What is lighting me up? What is really making me excited in human design? I’m a generator. And so it’s really important that you’re excited about what you’re doing, what you’re focused on. And so I really think about my life in that way, and I teach some of that in my school too, because when we can align with these designs and these maps that we have, it can really help us get clear on, okay, this is my zone of genius.
Here’s what I’m supposed to do, and let me find people or systems that can fill the voids that I can’t fill.
For me, I had this really pivotal moment, which was really the catalyst to me leaving corporate America. So it happened a year before I left. And for anyone who’s in that space, who’s like feeling the nudges of maybe not alignment.
I will share this story. So I was meeting with executive at our organization and he was describing our corporate culture to me. He said, Katie, it’s like a box. He’s doing this with his hands. He is showing me a box. He’s like, in every level you go up, the box gets smaller and the box gets smaller and the box gets smaller.
And it was like the light bulb went off. And he just explained to me perfectly how I was feeling. Each rung of the ladder, I climbed like a smaller, more contained version of myself. I could say less. I could do less. And I had to play more and more by the rules and I believe that there’s an opportunity, I unbox myself by leaving corporate, but I believe that there’s an opportunity to unbox the walls that are up in corporations so that leaders can really have these beautiful long-term journeys with their corporation.
Yeah, I agree. And I think that starts with women like you you know, who are willing to like and you you know, shining your light in this podcast is so beautiful and needed.
Thanks. And cool time to be a woman and a mom and have the backgrounds that we have that give us the voice to like, make change. , And for my sons, I want my sons to work, um, in an environment that’s like healthy for humans.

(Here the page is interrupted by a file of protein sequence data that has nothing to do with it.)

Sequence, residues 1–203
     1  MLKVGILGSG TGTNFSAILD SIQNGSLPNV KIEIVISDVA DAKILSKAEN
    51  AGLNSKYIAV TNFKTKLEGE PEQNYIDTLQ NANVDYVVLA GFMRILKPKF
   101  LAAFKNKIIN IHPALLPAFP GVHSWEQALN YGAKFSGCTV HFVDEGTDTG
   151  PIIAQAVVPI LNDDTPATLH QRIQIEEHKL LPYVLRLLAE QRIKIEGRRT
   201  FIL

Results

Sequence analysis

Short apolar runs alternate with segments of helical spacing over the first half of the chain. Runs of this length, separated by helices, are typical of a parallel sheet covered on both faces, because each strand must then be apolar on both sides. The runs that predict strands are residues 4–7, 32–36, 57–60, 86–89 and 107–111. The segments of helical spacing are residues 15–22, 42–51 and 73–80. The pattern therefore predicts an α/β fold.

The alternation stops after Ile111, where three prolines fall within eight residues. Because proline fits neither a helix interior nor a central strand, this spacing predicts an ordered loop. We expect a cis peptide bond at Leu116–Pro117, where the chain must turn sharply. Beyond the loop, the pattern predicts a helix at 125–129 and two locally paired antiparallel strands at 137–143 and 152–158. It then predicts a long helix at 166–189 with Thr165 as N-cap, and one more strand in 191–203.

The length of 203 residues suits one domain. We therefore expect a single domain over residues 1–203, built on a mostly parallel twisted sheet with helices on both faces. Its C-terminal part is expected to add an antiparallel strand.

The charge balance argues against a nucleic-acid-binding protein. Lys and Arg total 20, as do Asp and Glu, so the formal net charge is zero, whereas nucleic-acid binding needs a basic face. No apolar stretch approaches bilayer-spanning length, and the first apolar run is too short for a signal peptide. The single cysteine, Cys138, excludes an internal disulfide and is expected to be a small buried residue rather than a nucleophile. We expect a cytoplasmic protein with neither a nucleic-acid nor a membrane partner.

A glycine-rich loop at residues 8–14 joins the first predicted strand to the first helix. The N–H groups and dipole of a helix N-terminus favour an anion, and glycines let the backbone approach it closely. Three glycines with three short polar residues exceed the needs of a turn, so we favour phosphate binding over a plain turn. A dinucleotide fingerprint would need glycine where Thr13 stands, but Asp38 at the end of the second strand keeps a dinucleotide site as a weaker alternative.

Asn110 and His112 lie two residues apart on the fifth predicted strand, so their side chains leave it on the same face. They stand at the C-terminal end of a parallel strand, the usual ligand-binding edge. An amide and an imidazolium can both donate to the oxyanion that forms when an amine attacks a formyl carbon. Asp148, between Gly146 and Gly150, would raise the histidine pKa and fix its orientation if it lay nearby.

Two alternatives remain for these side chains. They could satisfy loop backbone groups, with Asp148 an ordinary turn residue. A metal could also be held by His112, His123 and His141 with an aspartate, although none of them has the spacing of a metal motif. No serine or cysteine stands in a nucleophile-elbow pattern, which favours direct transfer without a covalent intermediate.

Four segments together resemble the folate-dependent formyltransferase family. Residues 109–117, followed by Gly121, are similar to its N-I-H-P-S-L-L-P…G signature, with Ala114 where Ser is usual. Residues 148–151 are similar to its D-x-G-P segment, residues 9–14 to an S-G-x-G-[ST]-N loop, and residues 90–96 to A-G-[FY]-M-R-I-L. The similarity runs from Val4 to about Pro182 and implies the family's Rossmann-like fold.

healthy for humans, yeah.
So What one piece of advice would you give to women who are kind of in the stages of having my kids, or I’m about to have my kids , but I want to be successful. I want to a successful career, either as an entrepreneur or in corporate.
Like what one piece of advice would you give them as they embark on that journey from a mom and being successful in a career.
Beautiful. So my life motto is about following your light, because I believe when we each follow our light, we have the power to illuminate the path for others. And in order to follow your light, it’s really as simple as thinking about what am I passionate about?
I believe that passion equals purpose and that our passions lead us to our purpose. And I’m really passionate about raising the consciousness of leaders. And that trumps climbing a corporate ladder for me.
And if you are in that stage where you are a new mom, you’re about to have kids, you have toddlers, What lights you up in that moment might be different than what lights you up two years from now. And that’s okay.
Often that lack of listening to ourselves and in order to listen, we have to get quiet and we really have to trust that in our voice, and that’s a practice over time. You know, I call it like, The mind is the human self, where like the fears and the worries and the to-do lists reside. And our heart is our divine self.
And I’m really passionate, you know, if I can snap people out of their minds and bring them into their hearts, that’s where they find their intuition. That’s where they can experience bliss and miracles in higher states. And then living from here does take practice. It doesn’t just happen one day. It’s like a constant practice of like, oh, okay, my monkey mind is going, alright, let’s do a practice.
What, what was that Katie taught us? And then, so every time on my podcast I start with a practice. So dropping from the head to the heart every single episode. So if anyone needs a little . Example of how to move from the head to the heart. You can check out the podcast. It’s called Mystical Living, and we’re new too.
We only launched on July 24th, 2023. So it’s a baby and it’s so much fun and you know, just sharing different stories and perspectives and as you get honest with yourself, then you really do tap into your light. And if you’re not sure where to find it, look to your passions.
I love that. thank you so much for being on and sharing your journey and I think it’s cool to see women Chase what makes them happy.
Totally. And we get this one life to live and this go around. So it’s like, why not do it? Like take the leap, go after your dreams, make ’em big, and just have fun. And the worst thing that happens is you fail and that’s okay. You’re gonna learn something and you’re gonna do it better the next time.
Yeah, I agree.
Awesome. Thank you so much.
Yeah. I loved it. I’ll talk to you soon. Bye